Frankly, as a Pastor, I have heard some pretty lame justifications over the decades for failing to help others, giving to the poor, involving oneself in justice work, and just plain serving in the church, like, “I’m not wired that way,” “That’s not my gift,” “That’s what we pay you to do,” and the ever-prolific, “This church is not meeting my needs.”
Those in the habit of complaining, without an intent to boots-on-the-ground helping, do not yet have an active faith. Each person is to do their part in serving the common good of all. And we all suffer when that does not happen. Bifurcating faith and action leave us with a bogus faith.
If faith without action is okay, then so is the entire demonic realm. The glimpses of Satan we get in the Bible lead me to think that the devil has the entire thing memorized and knows it quite well. Yet, knowledge puffs up, whereas love builds up. Information by itself is useless unless it is accompanied by gracious and loving action. (1 Corinthians 8:1)
Salvation is a term Christians are familiar with. In the Christian tradition, it refers to being saved from sin, death, and hell. Sanctification is another term most Christians recognize. It means “to become holy,” or, “to be set apart” for God. Sanctification is not an event but a process.
Whereas saving faith is a gift given without works, sanctifying faith requires a great deal of effort. A lot of energy is expended to live the Christian life. The late Dallas Willard used to often say, “Grace is not opposed to effort, it is opposed to earning. Earning is an attitude. Effort is an action.”
The Apostle James dealt primarily with the sanctifying faith every Christian needs to exhibit. It’s as if we have been graciously granted a full-ride scholarship to a university (salvation) but now the real work begins (sanctification) to learn, grow, and obtain the degree.
Furthermore, just as a student will surely become discouraged at some point throughout their education and wonder if they ought to drop out, so the Christian will face tremendous adversity and challenge. Indeed, a lot of blood-sweat-and-tears goes into our spiritual studies so that our faith will be strengthened for a lifetime of active loving service.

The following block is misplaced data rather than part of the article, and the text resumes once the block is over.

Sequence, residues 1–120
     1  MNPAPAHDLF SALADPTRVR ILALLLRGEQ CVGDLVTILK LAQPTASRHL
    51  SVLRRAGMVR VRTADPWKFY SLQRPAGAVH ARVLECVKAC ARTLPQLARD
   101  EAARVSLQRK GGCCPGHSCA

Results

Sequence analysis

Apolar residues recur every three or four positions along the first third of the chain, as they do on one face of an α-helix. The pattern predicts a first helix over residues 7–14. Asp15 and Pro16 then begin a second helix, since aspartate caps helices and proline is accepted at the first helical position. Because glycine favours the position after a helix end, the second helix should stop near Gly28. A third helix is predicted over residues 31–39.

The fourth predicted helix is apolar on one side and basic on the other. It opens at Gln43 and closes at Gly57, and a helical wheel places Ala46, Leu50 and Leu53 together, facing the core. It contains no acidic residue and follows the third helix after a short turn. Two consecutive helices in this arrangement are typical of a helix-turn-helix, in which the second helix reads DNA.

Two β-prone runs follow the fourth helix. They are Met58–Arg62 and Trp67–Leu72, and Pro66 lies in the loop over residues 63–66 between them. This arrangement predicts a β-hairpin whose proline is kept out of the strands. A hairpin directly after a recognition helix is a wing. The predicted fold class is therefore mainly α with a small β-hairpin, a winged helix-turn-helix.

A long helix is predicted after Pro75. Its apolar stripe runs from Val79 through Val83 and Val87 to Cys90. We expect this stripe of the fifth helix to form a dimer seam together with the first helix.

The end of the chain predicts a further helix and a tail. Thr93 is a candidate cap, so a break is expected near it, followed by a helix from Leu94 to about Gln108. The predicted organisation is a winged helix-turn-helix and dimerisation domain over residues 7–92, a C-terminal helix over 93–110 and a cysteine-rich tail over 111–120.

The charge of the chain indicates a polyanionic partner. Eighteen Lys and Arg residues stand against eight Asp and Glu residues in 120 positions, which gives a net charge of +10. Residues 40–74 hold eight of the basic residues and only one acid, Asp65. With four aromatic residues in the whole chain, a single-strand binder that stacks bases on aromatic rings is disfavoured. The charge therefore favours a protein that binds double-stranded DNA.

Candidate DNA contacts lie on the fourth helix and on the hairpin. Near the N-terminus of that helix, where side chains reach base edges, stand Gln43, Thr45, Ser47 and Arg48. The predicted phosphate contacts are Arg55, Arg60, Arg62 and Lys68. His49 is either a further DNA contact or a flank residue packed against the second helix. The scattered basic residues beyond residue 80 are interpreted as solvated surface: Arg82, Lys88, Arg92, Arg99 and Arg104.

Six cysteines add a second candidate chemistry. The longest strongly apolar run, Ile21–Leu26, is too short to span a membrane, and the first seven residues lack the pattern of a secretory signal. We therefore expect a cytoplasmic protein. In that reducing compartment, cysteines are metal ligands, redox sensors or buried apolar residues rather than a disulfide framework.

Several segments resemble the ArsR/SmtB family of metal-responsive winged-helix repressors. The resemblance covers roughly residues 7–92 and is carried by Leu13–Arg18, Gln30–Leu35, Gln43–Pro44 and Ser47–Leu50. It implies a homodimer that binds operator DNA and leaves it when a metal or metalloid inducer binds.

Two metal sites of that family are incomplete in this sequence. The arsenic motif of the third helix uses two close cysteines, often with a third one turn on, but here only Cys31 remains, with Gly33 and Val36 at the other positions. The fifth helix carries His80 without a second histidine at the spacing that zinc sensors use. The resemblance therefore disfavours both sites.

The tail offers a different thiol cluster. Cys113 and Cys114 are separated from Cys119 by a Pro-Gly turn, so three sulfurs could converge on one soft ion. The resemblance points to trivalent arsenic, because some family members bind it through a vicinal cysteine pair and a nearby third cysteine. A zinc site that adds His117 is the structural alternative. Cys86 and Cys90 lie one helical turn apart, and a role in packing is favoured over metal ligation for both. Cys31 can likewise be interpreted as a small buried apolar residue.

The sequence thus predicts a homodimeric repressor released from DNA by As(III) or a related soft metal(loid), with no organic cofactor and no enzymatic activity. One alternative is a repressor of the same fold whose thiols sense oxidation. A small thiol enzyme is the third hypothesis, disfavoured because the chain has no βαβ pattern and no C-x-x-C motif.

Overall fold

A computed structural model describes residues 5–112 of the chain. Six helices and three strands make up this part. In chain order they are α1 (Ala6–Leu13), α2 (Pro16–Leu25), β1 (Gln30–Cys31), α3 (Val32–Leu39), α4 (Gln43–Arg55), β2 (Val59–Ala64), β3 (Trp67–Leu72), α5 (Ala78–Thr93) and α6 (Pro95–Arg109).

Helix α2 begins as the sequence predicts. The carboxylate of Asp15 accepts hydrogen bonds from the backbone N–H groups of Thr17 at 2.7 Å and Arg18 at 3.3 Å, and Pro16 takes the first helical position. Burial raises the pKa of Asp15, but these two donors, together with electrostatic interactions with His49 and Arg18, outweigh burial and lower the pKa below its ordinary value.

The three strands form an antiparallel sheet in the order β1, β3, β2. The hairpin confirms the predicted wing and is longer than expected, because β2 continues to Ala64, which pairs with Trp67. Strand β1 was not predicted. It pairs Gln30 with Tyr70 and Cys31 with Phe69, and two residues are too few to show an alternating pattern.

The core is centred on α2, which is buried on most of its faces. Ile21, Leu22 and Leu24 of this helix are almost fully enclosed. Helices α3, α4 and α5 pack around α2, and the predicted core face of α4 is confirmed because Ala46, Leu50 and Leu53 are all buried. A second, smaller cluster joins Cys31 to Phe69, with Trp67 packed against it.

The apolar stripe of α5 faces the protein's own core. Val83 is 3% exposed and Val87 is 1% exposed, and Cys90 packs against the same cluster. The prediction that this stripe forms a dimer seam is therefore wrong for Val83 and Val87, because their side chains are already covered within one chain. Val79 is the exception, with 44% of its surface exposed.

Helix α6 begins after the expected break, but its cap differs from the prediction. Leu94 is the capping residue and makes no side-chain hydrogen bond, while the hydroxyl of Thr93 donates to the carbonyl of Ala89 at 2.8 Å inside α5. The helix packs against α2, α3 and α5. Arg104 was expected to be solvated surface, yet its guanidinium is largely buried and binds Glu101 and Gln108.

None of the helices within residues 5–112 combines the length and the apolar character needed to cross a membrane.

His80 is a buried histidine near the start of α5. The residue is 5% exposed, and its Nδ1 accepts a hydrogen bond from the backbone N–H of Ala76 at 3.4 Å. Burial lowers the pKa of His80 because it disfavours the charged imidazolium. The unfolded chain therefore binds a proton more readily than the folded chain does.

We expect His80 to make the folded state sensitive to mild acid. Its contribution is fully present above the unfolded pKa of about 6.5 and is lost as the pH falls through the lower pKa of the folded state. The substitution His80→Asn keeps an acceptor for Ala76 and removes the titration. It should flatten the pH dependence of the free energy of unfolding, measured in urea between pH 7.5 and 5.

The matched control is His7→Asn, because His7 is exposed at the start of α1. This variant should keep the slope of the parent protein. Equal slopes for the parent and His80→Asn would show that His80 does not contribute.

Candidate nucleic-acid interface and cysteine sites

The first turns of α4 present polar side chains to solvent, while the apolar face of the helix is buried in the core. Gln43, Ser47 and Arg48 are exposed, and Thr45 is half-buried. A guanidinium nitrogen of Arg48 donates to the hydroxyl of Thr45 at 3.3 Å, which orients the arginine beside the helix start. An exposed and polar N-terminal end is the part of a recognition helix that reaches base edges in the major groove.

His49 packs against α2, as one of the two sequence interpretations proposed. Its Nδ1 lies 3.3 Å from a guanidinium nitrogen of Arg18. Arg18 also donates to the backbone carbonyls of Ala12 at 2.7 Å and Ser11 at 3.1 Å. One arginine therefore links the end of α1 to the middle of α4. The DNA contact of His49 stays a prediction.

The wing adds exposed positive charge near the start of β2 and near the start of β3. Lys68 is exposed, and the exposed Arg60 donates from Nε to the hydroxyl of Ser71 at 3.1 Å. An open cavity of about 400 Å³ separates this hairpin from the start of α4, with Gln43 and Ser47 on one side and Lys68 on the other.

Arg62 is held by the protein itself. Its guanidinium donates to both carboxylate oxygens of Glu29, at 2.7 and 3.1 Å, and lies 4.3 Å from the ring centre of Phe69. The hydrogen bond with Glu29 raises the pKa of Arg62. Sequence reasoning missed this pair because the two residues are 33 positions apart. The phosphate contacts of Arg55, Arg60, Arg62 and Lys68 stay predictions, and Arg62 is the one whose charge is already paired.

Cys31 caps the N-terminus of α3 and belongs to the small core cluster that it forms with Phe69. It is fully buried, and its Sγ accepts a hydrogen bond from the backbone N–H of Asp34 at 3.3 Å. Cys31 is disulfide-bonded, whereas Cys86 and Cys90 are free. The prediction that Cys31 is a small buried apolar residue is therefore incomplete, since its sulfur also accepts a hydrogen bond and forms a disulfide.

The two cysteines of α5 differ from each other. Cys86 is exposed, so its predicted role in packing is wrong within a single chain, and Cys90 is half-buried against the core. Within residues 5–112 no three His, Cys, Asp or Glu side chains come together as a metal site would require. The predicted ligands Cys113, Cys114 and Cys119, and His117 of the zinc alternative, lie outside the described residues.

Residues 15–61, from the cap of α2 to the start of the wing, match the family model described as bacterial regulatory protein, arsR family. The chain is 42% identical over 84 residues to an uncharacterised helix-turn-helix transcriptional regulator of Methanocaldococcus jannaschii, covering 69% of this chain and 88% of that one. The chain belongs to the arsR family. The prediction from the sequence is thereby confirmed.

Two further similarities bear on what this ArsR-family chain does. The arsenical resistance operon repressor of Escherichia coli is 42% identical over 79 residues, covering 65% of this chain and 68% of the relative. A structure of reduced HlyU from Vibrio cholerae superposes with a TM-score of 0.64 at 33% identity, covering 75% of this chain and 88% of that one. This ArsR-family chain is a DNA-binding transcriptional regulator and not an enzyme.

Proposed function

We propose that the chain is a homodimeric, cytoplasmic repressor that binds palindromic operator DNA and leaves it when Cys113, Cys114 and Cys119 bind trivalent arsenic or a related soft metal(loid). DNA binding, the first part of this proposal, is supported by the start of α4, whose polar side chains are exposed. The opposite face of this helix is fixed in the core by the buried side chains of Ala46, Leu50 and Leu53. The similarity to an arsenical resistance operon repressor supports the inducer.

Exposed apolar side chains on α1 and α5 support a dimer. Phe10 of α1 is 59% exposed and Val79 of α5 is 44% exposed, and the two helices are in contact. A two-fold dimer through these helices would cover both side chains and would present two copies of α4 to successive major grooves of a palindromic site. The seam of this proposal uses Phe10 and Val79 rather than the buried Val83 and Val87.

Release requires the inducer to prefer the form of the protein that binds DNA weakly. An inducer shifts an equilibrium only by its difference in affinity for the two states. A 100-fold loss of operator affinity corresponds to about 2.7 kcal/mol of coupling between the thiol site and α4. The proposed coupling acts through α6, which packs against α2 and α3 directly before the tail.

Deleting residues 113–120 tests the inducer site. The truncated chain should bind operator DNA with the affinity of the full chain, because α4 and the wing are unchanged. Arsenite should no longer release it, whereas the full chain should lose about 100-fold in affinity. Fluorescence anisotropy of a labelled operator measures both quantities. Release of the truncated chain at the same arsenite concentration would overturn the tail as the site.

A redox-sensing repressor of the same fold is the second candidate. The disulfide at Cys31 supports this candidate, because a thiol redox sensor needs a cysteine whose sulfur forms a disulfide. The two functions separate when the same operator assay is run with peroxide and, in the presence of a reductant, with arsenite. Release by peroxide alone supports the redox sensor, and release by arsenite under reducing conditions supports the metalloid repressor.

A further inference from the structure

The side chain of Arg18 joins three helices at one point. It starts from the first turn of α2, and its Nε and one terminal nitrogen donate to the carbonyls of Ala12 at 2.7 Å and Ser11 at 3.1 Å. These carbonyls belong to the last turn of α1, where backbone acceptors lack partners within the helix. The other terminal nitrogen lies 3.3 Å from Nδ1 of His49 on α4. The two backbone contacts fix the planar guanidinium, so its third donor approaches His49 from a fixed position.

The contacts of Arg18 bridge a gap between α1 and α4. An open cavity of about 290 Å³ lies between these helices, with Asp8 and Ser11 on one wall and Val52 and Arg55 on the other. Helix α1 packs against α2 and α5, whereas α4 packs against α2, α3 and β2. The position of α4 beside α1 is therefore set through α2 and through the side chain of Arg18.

For example, the Old Testament character Abraham was saved from an empty way of life in a pagan country and given a gift of grace to move to the country God would show him. Abraham did nothing to earn this favor. God just chose him (Joshua 24:2-3).
Abraham sojourned as a pilgrim throughout the land God gave him, which mirrored his spiritual sojourning and learning to be a follower of God. Abraham faced a monumental test of faith when asked to sacrifice his son Isaac (Genesis 22:1-19).
Abraham’s faith was made complete by what he did. Testing of faith is necessary so that we become mature and complete, not lacking anything (James 1:3-4). The way for authentic faith to develop and grow is in the fiery trial of adversity and hardship. Spiritual maturation, holiness, and a well-rounded faith comes through suffering.
To press the significance of faith and works, the example of the Old Testament character Rahab is highlighted. Rahab was a prostitute who lived in the red-light district of Jericho. St. James was doing something profound and important – he took two extreme examples, one a giant of the faith, and the other an almost overlooked example of faith, to demonstrate we all are candidates for real faith.
Rahab’s faith and actions worked harmoniously. She genuinely believed the city of Jericho was going to be overcome by God’s judgment, and, so, she housed the visiting Israelite spies (Joshua 2:1-11).
Methinks we must expand our understanding of faith to include persons others might exclude. Some may be quick to judge those with dubious lives and backgrounds, as well as the poor and needy. We cannot sanitize Rahab as something other than what she was – and because of her faith she ended up being an ancestor of Jesus himself (Matthew 1:5).
From the standpoint of faith, Abraham and Rahab are on the same level. In Christ’s new egalitarian society, all are welcome, all have equality in God’s kingdom.
Holy and active God, I submit to the adversity you bring as my teacher, and I choose to find solace in your Word and Spirit. With the grace, enablement, and resources you give me, I freely give to others in need, through Jesus Christ my Lord. Amen.